Urban farmer Margaret Gauti Mpofu would do anything to protect the productivity of her land. Healthy soil means she is assured of harvest and enough food and income to look after her family.
A report on the Sustainable Development Goals (SDGs) fails to capture the the true picture of water challenges and the UN must withdraw it, said a global civil society coalition.
Worldwide, land degradation, severe droughts and advancing desertification are set to force populations to flee their homes and migrate. In the specific case of the Middle East and North of Africa (MENA), such an obliged choice implies the additional risk to turn peoples into easy prey to extremist, terrorist groups.
Large agricultural harvests in some regions of the world are buoying global food supply conditions, but protracted fighting and unrest are increasing the ranks of the displaced and hungry elsewhere, according to a United Nations new report.
In Meghalaya, India’s northeastern biodiversity hotspot, all three major tribes are matrilineal. Children take the mother’s family name, while daughters inherit the family lands.
The oceans’ health is only getting worse and the cycle of decline must be reversed, said representatives at the opening of a high-level UN conference.
The United Nations Ocean Conference offers an historic opportunity to safeguard the ocean environment and support small island and vulnerable developing coastal states, who depend on the seas for national economic growth and sustainable development.
What if the blue fades away as seawaters become brown and coral reefs become white as marine grasslands wither and life below water vanishes?
Massive agriculture intensification is contributing to increased deforestation, water scarcity, soil depletion and the level of greenhouse gas emission, the United Nations warns.
Valuing water is more than simply assigning costs to a scare resource - it is an essential step for transforming water governance to meet the needs of a prosperous future.
Water--everybody talks about it, warns against its growing scarcity, excessive waste, the impact of climate change, the frequent severe droughts and so on. Now, a global action network with over 3,000 partner organisations in 183 countries comes to unveil the dangerous nexus between water, employment and migration, in particular in the Mediterranean region.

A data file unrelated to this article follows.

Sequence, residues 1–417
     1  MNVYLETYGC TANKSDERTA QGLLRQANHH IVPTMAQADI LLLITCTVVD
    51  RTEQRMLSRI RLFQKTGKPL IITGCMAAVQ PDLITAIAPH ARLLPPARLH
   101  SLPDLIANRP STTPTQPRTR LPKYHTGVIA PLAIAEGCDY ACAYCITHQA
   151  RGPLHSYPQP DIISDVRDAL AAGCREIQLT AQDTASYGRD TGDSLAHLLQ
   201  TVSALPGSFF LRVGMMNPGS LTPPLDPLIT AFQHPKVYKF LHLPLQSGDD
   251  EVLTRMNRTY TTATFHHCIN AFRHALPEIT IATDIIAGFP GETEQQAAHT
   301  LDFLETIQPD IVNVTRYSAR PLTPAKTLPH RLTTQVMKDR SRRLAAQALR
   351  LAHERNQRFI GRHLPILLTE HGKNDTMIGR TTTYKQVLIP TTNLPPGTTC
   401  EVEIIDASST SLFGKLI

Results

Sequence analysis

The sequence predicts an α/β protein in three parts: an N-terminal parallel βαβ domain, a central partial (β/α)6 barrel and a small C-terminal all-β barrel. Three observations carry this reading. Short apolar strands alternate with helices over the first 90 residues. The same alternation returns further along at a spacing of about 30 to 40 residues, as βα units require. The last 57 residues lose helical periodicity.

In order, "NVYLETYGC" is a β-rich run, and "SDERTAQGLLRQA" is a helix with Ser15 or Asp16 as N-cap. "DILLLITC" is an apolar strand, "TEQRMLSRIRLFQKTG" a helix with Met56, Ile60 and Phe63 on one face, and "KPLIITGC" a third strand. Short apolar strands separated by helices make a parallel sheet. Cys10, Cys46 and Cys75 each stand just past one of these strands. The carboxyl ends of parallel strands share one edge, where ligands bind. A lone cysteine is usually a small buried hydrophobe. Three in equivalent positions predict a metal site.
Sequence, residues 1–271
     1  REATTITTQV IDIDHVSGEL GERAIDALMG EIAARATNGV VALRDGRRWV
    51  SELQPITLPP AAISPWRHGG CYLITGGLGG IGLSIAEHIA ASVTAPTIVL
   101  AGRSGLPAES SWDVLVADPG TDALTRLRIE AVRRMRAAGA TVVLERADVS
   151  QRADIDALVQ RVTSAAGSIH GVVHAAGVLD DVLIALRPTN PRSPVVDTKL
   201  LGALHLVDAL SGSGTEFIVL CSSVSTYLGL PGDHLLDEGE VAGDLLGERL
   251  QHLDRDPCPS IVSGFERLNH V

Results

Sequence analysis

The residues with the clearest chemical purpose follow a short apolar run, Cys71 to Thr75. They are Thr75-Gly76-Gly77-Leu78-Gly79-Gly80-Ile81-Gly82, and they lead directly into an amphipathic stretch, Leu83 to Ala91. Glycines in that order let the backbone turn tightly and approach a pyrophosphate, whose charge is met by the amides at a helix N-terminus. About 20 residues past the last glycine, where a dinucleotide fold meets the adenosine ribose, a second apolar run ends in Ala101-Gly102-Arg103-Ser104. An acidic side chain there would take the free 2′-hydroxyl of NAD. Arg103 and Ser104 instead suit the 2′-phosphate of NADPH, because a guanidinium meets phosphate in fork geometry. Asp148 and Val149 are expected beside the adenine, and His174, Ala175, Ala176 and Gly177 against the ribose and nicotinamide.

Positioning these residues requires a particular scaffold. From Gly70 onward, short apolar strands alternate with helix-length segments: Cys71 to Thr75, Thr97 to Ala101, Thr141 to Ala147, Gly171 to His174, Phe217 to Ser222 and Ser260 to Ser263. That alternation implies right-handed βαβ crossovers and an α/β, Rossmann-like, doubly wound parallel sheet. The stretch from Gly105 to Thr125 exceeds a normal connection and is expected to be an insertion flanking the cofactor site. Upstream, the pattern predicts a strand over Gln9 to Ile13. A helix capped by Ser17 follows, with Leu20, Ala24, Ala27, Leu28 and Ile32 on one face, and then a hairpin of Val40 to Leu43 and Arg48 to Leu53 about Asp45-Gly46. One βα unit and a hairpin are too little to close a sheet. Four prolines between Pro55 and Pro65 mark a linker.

Amid the worst drought in a century, South Africans are kick-starting a global consultative process to agree on the values of water in a bid to ensure more equitable use of the finite resource.
The fight against hunger has been “remarkably successful” in Latin America and the Caribbean, but “it is a crime” that 35 million people still go to bed hungry every day, FAO regional representative Julio Berdegué told IPS.
In March 2015 at the Sendai World Conference for Disaster Risk Reduction, the then President of Kirbati, Anote Tong, made it very clear how vulnerable his country was to climate and disaster risk, when he informed the room (which was sadly less than half full) that his country had purchased land in Fiji.
In just a few weeks, the United Nations is convening a world gathering to discuss the health of the world’s oceans and seas, with member states, government and nongovernmental organizations, corporations and members of the scientific community and academia signed up to take part.
Water at high prices, sold as a market good, and small farmers almost a species in extinction, replaced by seasonal workers, are the visible effects of the crisis in rural Chile, 50 years after a land reform which postulated that “the land is for those who work it.”
Climate change remains inextricably linked to the challenges of disaster risk reduction (DRR). And according to the head of the United Nations Office for Disaster Risk Reduction (UNISDR), Robert Glasser, the reduction of greenhouse gases is “the single most urgent global disaster risk treatment”.
Caribbean scientists say fishermen are already seeing the effects of climate change, so for a dozen or so years they’ve been designing systems and strategies to reduce the impacts on the industry.
People around the world will be banding together to fight one of the world’s most pressing problems: climate change.
The bamboo plant can be found in abundance in several Caribbean countries, but the director of the International Network for Bamboo and Rattan (INBAR), Dr. Hans Friederich, says its importance in dealing with climate change has been missed by many of these countries.
Indigenous women, while experiencing the first and worst effects of climate change globally, are often in the frontline in struggles to protect the environment.